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June 24th - Time to Work For It

June 24th - Time to Work For It

Stripers and Blues- The Summer striper fishing has picked up, and so have the amount of folks out there chasing them! It’s time to put in some work for those over slot fish and search a bit. There are smaller to mid-size fish hanging around the mid-sound area, although some anglers believe the largest fish have moved into the rivers or have continued on up east.

Large stripers have been found though! They’ve been both deep and shallow, typically on local reefs. Large spook-style baits have continued to work well, but so have paddletails and especially live eels. Don’t forget to stop in the shop for some fresh bunker too! The number of blues in the area continues to thin out, but many of us with ripped soft-plastics can attest to the fact that there are enough of them around to cause some issues or put up a solid fight, depending on which type of bait you’re using. Smaller bluefish seem to have moved in instead of the larger blues of earlier in the summer. This week’s #1 big fish advice- move away from the crowds and find your fish. For those looking for some light tackle fun, there are an abundance of schoolie-sized fish in the area. Look for them near current and structure on a moving tide or during low- light, and your chances are good. Try breaking out the fly rod an extra challenge!

In Southeastern Massachusetts, Billy from Seven Stripes fishing reports an epic push of fish after the new moon. Large bass pulled in close and began eating with reckless abandon. Spooks and magic swimmers have done well, but unweighted soft plastics such as a 9” Hogy and Albie Snax have been the best performers. Billy also reports some bonus fun on the fly rod, particularly at slack tide when fish were found up shallow and could be sight-casted. As far as indicator species, Billy reports large numbers of juvenile sea herring, tinker mackerel, and squid. There have also been dinner plate pogies showing up in both Connecticut and Massachusetts waters willing to chomp on squid or sandworms. The big striper bite in Massachusetts seems to be a bit later than usual, but certainly worth the wait!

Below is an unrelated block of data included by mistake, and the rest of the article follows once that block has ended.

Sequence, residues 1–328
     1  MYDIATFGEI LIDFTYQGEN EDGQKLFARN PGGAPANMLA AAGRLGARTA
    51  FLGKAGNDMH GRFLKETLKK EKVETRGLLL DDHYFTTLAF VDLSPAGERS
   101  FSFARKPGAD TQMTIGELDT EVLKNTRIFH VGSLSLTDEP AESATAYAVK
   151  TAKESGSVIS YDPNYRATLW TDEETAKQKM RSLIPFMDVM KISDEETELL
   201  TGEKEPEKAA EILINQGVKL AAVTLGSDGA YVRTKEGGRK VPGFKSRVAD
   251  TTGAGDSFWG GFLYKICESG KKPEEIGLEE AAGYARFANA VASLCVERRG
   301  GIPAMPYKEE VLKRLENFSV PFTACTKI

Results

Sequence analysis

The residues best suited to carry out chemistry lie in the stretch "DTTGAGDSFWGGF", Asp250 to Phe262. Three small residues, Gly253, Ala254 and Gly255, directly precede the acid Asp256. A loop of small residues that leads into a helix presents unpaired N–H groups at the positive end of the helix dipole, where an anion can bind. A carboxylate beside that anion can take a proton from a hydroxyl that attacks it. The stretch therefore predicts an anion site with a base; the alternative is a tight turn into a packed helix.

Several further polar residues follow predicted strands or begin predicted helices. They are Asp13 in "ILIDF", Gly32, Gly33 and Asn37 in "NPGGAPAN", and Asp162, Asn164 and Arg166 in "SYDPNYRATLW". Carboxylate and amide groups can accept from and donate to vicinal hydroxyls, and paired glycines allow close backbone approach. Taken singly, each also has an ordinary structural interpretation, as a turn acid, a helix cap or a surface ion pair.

Seabass- While seabass fishing is slowing down, limits are still available. Evan Kamoen has been putting consistent limits together using a Savage Gear Squish Jig. It’s noteworthy that the Squish Jig has outperformed live squid by a 5 to 1 ratio. Captain Matt at Wise Kraken Charters reports many anglers fulfilling their 6 fish limit, but with more moving around to further and deeper waters required. Block Island has seen the dogfish move in which is typical for late June.

Fluke- The fluking is slowly but surely picking up, and while there are still many small fish to wade through, those coming up with keepers are being rewarded with big fish. The Black Hall Outfitters Fluke Fest is currently led with an 8.46 pounder brought in on Sunday. Try both shallower and deeper spots, and don’t be afraid to move often to link up with bigger fish.

Crabbing- Get your lines in...crabbing is picking up again! From Guilford to Clinton, on up through Westbrook, Old Saybrook and to Old Lyme, you’ll find that the molted crabs have returned and the bite is back on. A dozen a day has not been unheard of, and there are plentiful shorts too, which should be ready for the steamer by mid-July. Good luck!

Freshwater- Summer bass fishing has been steady and consistent. BHO Fishing Team Member Jack Tibbens reports that topwater spooks and frogs have been clutch recently. Your best bet this time of year is low light in the morning or evening, as bass tend to move deeper in the heat of the day and are harder to target unless you have a higher end fishfinder or a detailed knowledge of the structure in the particular body of water you’re fishing. If you can only manage a daytime bass fishing adventure, try out docks, deep points, and shaded shorelines for bass willing to hit.


Contributors: Seven Stripes Fishing, Wise Kraken Charters, Reel Cast Charters, Evan Kamoen, Sean Harrison, Jack Tibbens, Scott Schneider, Matt Stone

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